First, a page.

On the other hand, however, if you’re able to develop better listening skills and have a good ear for English, the pace of your improvement in speaking will certainly start to accelerate. Since you’re able to hear English better, you’ll also begin to figure out how grammar actually works in real speech and how to construct sentences and your own variations of sentences, and in the course of understanding more, you will be able to remember a lot more and at a faster pace. How does a child learn his or her own native language? She starts by listening to and imitating the words that she hears her parents speaking. She imitates a word or phrase she has heard and is corrected, sounds it out and again and is corrected again, and in the process of hearing the responses of those around her begins to sound out the proper word, phrase or sentence. Just as one’s ear becomes more accustomed to the process of listening to and understanding sounds, one gets better and better at mimicking and remembering words and phrases. Gradually, bit by bit, you begin to hear and process sounds and syllables, words and phrases that you hadn’t quite heard–or hadn’t been listening to–before. The process of learning English is quite similar to this process, so if you really want to be able to speak better, it’s essential to start listening better. How? By training yourself to be a better listener.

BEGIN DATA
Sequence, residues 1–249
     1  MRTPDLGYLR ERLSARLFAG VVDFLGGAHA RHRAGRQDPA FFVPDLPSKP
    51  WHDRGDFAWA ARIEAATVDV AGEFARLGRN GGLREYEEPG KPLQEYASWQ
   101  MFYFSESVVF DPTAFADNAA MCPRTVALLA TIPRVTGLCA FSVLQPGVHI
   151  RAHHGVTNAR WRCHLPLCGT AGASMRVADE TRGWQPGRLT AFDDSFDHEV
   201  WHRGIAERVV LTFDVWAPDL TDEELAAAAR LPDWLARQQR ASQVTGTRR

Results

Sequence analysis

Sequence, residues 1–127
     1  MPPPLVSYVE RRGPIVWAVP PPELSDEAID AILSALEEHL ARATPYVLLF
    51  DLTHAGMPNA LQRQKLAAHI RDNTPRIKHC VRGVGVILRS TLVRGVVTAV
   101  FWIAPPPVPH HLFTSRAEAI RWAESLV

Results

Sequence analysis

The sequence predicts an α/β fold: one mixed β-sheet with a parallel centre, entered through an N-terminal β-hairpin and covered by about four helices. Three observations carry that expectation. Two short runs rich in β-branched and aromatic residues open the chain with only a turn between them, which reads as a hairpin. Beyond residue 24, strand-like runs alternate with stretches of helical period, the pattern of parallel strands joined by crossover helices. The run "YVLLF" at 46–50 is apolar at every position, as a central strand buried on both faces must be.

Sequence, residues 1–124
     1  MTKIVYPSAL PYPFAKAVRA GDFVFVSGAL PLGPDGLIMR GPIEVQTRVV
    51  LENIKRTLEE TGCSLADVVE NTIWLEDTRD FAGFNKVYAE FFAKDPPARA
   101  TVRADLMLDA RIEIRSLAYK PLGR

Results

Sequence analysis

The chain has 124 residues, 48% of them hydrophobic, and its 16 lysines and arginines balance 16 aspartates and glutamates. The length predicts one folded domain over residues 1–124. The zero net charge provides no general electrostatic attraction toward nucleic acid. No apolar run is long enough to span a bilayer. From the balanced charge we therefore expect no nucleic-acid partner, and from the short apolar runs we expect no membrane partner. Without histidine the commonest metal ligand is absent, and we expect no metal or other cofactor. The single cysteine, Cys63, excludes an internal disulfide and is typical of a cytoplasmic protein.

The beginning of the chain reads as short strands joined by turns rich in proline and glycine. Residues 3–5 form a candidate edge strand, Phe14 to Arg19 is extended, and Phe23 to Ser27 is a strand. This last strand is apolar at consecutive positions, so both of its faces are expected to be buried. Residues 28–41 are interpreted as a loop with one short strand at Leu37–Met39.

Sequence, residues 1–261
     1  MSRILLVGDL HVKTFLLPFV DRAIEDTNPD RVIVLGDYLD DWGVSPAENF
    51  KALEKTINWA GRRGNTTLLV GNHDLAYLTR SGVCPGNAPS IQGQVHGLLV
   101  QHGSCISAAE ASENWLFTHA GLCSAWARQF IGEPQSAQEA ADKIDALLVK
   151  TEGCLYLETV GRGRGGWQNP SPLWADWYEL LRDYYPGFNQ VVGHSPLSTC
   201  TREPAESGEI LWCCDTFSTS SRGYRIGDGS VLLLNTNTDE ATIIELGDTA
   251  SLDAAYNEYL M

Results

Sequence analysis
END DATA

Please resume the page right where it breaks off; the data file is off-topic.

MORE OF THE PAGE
(To be continued…)